Building Bylaws Putting Together Rules That Work

Building Bylaws

Laying down the law in your building or association doesn't have to be a painful process. When it comes to creating house or community rules, careful planning and a healthy dose of common sense can make the process smooth, leading to happier homeowners and a stress-free executive board.

Taking Pen In Hand

House rules go by many different names—in most circles, they're referred to as bylaws, the second most important document guiding condo and co-op communities. The first document—the master deed—creates the condo association and defines ownership of land and units, attending to fundamental issues and responsibilities. The bylaws, or house rules, generally go into more detail about functions, regulations and the day-to-day operations of the community. These affect unit owners more closely than the master deed does.

Responsibility for drafting bylaws and community rules falls to the executive board of an association, and they are drawn up soon after the establishment of the community. As the years progress, the list of bylaws may grow, depending on the growth of the building or community and how detailed the original rules were. "There is a whole plethora of issues that are addressed in the bylaws and rules," says attorney Kenneth Lipstein of Westfield. "It can range anywhere from whether barbecue grills can be kept outside to whether pets are allowed, if parking spaces will be assigned, how the common areas can be used. Basically, it addresses anything that might affect people living together in multi-family situations."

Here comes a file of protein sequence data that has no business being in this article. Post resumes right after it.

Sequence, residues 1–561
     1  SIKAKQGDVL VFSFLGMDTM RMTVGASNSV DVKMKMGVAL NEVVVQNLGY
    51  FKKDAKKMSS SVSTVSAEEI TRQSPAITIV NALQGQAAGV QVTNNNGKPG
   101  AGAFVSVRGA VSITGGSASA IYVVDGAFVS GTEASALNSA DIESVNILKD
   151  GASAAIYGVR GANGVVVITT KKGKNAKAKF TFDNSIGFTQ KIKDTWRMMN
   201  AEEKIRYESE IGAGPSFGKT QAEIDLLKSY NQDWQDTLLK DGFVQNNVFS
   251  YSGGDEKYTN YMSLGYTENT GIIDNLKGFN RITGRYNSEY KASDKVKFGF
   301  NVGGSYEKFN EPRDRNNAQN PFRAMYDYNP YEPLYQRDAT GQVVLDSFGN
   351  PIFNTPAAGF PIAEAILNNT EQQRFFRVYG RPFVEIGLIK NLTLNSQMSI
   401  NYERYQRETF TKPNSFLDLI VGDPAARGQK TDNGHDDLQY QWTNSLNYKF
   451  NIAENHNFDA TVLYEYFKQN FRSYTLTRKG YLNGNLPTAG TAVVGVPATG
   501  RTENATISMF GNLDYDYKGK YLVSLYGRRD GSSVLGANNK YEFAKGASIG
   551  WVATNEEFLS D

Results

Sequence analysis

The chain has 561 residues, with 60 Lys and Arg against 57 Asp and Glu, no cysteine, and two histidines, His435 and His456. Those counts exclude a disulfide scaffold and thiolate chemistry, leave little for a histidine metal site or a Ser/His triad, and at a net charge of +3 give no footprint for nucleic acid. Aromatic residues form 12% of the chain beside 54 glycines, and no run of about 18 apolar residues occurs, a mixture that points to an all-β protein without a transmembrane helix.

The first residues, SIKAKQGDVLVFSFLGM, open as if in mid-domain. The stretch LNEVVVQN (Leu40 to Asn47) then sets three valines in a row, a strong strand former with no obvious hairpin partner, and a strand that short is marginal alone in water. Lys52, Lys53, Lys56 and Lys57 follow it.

The key to a successful set of bylaws is flexibility, says Dennis Casale of the law firm of Pepper Hamilton in Princeton. He works frequently with developers building condo communities, helping them draft the bylaws that will govern the burgeoning housing development.

"The fewer bylaws the better," says Casale. "No developer or lawyer can really have a good sense of homeowner needs before a development is complete. Communities will create their own personality—and because of that, it's better for the community to decide how they want to live. Of course, you have to set up the rules of governance and establish other important elements, but try to put as few rules in your document as possible. And you should make it as easy as possible to amend the documents after the homeowners take control [of the board]."

Whether the community is new or old, however, Casale says the board needs to keep in mind the idea of individuality. "One of the worst mistakes a board can make is taking a one-size-fits-all attitude toward drafting bylaws," he says.